Under How To columns for FHL newsletter: Characterization

» Posted on Apr 12, 2011 in Articles | Comments Off on Under How To columns for FHL newsletter: Characterization

When Jessica asked the chapter to let her know what kind of articles and columns we would like to see in the newsletter, I emailed her about possibly having a how to column to address the various writing subjects that writers are interested in. She asked me to do one as a guest columnist for 2004, then hopefully another published writer will be the guest columnist for next year. Now what I would like from the members are suggestions on what subjects you would like me to discuss. Below I am going to wet your appetite concerning characterization but there are so many aspects of the subject that can be explored–not to mention other subjects that can be covered like goal setting, organization, point of view, conflict, synopsis writing, brainstorming, motivation, plotting and networking. What do you want to read about? Please email me at Mdaley50@aol.com with suggestions.

I think characterization is the most important ingredient in our stories. Without good characters, readers won’t care what kind of plot we have. We will lose their interest. This wasn’t what I believed when I first starting writing twenty-five years ago. So how can we flesh out a character so our readers will care enough to keep reading our story? We don’t want a perfect person because that would be boring but a character with strengths and weaknesses you can use to develop that intriguing plot that I still think is very important to a good book. Your conflict which is a large part of your plot will come from your characters’ strengths and weaknesses, motivations and goals.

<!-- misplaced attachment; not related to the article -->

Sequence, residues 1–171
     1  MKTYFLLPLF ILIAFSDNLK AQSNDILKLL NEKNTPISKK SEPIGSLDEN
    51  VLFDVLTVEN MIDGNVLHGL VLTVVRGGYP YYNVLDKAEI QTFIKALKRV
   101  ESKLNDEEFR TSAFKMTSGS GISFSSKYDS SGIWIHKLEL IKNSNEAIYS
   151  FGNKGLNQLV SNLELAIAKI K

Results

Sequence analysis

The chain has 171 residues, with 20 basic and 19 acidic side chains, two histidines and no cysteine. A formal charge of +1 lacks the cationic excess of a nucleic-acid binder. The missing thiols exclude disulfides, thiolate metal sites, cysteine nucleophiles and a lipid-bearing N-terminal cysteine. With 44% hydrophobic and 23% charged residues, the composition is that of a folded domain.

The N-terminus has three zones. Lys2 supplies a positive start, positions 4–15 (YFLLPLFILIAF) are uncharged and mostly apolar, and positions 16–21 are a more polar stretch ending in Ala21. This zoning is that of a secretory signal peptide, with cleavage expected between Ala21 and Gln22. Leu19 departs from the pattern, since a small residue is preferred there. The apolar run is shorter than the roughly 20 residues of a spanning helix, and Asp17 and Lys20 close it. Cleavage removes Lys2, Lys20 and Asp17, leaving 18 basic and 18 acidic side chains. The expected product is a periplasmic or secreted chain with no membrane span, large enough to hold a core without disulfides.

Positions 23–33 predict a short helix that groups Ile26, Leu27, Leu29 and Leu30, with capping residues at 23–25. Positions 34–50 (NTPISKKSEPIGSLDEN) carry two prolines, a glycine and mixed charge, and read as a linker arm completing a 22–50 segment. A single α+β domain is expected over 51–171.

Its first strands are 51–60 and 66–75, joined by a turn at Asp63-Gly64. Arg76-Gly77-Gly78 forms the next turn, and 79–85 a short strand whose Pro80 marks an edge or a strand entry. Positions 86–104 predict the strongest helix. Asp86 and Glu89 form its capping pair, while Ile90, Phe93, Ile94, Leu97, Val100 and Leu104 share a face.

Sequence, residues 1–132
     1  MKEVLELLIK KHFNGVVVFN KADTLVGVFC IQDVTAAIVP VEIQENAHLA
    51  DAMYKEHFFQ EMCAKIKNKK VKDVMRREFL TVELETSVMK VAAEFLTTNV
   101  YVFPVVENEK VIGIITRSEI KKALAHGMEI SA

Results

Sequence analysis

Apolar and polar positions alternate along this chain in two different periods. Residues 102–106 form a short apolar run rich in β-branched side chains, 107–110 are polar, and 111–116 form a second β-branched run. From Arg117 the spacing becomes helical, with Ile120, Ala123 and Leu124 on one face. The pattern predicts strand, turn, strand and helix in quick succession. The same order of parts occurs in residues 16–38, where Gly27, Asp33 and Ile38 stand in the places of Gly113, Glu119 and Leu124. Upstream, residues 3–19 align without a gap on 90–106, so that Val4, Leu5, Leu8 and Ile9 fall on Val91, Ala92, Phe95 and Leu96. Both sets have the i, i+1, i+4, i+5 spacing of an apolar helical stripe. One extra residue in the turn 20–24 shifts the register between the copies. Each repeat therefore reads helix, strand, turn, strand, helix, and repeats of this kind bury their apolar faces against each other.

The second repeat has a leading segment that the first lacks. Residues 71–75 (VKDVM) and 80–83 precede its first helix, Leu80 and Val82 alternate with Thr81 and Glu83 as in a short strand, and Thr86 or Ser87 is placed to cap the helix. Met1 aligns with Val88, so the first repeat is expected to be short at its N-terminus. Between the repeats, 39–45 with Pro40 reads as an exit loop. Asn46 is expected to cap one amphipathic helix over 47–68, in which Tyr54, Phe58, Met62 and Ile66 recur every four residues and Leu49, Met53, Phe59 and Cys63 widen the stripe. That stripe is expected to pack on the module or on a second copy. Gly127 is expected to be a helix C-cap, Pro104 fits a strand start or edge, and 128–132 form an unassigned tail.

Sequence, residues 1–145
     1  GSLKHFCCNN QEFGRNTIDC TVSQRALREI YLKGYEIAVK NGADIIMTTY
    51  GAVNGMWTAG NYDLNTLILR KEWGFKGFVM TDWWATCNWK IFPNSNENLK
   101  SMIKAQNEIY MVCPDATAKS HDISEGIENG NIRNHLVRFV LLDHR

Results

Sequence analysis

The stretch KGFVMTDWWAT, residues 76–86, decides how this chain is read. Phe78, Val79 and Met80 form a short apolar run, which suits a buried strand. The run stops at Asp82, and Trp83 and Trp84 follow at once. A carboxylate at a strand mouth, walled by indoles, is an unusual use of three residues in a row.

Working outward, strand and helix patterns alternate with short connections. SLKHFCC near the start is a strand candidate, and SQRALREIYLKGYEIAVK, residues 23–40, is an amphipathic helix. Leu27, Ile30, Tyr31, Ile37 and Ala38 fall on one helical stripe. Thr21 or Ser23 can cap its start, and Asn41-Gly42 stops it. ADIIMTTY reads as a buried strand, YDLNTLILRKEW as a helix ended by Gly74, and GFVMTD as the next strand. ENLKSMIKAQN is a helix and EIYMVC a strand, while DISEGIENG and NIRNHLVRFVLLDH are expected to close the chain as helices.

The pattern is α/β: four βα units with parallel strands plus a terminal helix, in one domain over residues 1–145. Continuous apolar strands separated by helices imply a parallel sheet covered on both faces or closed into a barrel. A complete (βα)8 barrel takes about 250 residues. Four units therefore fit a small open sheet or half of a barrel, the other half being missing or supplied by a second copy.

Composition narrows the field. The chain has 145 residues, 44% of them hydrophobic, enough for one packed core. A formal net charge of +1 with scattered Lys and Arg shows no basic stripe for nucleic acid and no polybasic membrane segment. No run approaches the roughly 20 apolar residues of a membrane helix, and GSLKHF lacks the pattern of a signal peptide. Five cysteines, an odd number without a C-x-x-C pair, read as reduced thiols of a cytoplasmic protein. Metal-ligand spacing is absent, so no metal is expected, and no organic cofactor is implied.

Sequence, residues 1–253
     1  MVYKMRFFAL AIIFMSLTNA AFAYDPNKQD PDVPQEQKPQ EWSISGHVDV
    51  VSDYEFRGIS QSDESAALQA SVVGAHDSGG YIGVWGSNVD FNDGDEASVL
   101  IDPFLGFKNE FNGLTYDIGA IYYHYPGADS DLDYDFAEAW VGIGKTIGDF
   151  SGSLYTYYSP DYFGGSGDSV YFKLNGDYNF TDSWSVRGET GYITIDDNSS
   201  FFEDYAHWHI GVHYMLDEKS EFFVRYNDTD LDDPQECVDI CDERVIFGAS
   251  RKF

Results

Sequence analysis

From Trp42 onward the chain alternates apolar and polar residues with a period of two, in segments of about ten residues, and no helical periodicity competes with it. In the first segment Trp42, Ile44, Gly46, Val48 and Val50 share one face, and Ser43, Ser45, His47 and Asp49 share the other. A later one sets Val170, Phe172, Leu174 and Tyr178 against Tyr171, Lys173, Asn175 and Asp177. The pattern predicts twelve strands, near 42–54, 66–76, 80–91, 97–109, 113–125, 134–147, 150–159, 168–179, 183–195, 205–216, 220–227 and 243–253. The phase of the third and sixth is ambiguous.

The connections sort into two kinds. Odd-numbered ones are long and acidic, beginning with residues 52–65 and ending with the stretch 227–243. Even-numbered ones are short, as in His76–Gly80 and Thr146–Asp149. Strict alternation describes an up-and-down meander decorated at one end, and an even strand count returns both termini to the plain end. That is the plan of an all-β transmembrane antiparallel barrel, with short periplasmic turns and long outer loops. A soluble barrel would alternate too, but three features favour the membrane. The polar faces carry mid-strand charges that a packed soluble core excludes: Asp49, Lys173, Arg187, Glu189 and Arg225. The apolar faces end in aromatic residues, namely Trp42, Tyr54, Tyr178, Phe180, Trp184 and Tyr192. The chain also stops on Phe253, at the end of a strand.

I want to emphasize the importance of really knowing your character before writing about him/her. When you write a hero or heroine become him/her as much as possible. When you go into his/her point of view, immerse yourself into his/her beliefs, emotions, background, etc. If you can do this, there will be more emotional depth to your hero and heroine and they will come richly alive for your readers. The way your can immerse yourself in your character’s life is to do a profile on him/her. On my web site I have a character profile you are welcome to use (https://margaretdaley.com).

There are many areas you can delve into concerning your character. Physical description, belief system, drive (motivation), career, secrets (leads to conflict), fears (conflict), background, environment, hobbies, interests, hopes (goals), and matters of the heart. All of these areas are covered in the character profile with questions to get you thinking about your character. You can send me a self addressed stamped envelope to P. O. Box 2074, Tulsa, OK 74101 and I will send you a copy of the profile.